Target of 300,000 new homes a year could consume UK’s carbon budget

The government’s target to build 300,000 new homes a year to solve the housing crisis could use up the entirety of the UK’s 1.5°C carbon budget, according to a study.

Researchers from several institutions, including the University of Kent, University of Bath and University of Cambridge, used material flow and land use change models to discover that the current housing strategy would consume 104% of the UK’s carbon budget by 2050.

Published in Ecological Economics, the study focused on two existing models, one which evaluates emissions needed to run UK houses and another which looks at emissions created through the construction of new houses.

Currently 92% of emissions are set to come from existing housing stock, while 12% will be emitted through the construction and operation of new builds.

brown brick house under blue sky during daytime

‘Housing expansion to address unmet basic human needs is clearly essential,’ wrote the researchers. ‘Yet, processes linked to housing provision are, under current production technologies, powerful drivers of both biodiversity loss and climate change.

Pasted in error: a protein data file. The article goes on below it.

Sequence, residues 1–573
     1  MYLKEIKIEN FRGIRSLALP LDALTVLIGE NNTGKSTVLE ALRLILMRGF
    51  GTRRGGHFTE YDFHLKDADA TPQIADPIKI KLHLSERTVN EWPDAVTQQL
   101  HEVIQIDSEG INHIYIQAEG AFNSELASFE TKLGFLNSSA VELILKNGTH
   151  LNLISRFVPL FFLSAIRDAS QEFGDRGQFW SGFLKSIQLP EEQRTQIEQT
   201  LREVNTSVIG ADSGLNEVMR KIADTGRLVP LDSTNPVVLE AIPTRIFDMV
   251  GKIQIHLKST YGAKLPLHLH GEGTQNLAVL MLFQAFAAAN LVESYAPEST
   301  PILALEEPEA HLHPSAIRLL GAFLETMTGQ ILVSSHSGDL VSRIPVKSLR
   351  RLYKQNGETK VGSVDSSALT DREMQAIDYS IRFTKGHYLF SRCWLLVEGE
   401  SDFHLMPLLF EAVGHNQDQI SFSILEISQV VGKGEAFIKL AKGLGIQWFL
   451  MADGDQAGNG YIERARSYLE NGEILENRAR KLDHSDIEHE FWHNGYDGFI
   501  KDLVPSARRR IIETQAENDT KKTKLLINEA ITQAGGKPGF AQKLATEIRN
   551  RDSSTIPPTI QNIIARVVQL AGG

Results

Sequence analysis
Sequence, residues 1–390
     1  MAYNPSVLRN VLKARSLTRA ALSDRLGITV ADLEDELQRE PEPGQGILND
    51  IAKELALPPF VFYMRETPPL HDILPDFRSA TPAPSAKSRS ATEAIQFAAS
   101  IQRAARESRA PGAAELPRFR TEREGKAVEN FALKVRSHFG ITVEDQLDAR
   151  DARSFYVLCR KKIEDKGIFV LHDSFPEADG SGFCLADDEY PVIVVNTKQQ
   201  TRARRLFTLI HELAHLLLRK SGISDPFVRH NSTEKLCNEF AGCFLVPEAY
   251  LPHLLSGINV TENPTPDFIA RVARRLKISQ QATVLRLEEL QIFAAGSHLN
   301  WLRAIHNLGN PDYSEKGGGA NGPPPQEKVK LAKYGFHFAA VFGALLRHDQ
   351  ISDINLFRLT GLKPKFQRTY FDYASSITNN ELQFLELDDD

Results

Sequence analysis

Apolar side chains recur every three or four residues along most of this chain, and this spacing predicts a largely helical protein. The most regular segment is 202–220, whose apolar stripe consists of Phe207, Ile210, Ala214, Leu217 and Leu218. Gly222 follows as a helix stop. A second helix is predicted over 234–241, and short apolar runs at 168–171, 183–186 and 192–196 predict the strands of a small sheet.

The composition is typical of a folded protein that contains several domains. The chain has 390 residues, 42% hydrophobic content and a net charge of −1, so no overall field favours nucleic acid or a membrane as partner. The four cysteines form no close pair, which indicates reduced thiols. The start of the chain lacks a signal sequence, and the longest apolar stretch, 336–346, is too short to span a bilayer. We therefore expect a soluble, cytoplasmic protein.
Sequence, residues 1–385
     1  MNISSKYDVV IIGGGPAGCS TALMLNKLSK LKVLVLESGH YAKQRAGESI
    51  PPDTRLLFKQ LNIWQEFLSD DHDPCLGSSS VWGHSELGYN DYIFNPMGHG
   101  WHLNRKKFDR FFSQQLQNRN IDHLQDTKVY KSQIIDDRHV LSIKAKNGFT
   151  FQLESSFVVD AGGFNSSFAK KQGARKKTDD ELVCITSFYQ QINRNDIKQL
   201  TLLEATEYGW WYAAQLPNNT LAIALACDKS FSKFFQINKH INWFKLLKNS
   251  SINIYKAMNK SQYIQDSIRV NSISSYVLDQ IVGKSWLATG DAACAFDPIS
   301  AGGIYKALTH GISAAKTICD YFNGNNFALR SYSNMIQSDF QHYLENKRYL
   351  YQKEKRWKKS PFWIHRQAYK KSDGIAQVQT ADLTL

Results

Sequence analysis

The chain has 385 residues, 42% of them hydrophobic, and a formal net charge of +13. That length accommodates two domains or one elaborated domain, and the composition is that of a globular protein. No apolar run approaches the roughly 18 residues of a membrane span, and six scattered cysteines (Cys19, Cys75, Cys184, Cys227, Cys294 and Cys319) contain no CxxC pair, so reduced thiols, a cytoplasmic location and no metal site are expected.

‘This paper explores these issues in the context of England’s housing affordability crisis: England represents a particularly salient case study, as it simultaneously has abundant housing stock, unmet housing need, and legally-binding environmental policy goals reflecting national contributions to addressing key planetary boundaries.

‘England has under-occupied housing stock, but one recent estimate suggests up to 7.9 million people currently experience some symptoms of unmet housing needs predominantly because England has one of the highest rates of housing unaffordability.’

The team have suggested that retrofitting existing housing stock is a key way to reducing carbon emissions and could save 38% of the cumulative carbon budget for 1.5°C.

Emissions coming from existing homes is currently high as many of these were built prewar and are difficult to insulate.

The paper also recommended new-builds should be made zero-carbon and have no net-impact on wildlife populations, while reductions in housing expansion rates could also be beneficial.

The government has agreed to a legally-binding target to halve wildlife declines by 2030 and developments will be obliged to achieve a Biodiversity Net Gain starting in 2023.

All new developments will need to leave biodiversity better off than they found it, but the researchers said this policy’s impact remains ambiguous.

However, the study found planning applications achieving ‘net gain’ from a set of early-adopter councils had a 34% reduction in the area of greenspace despite claiming a 20% improvement in biodiversity overall.

Photo by James Feaver


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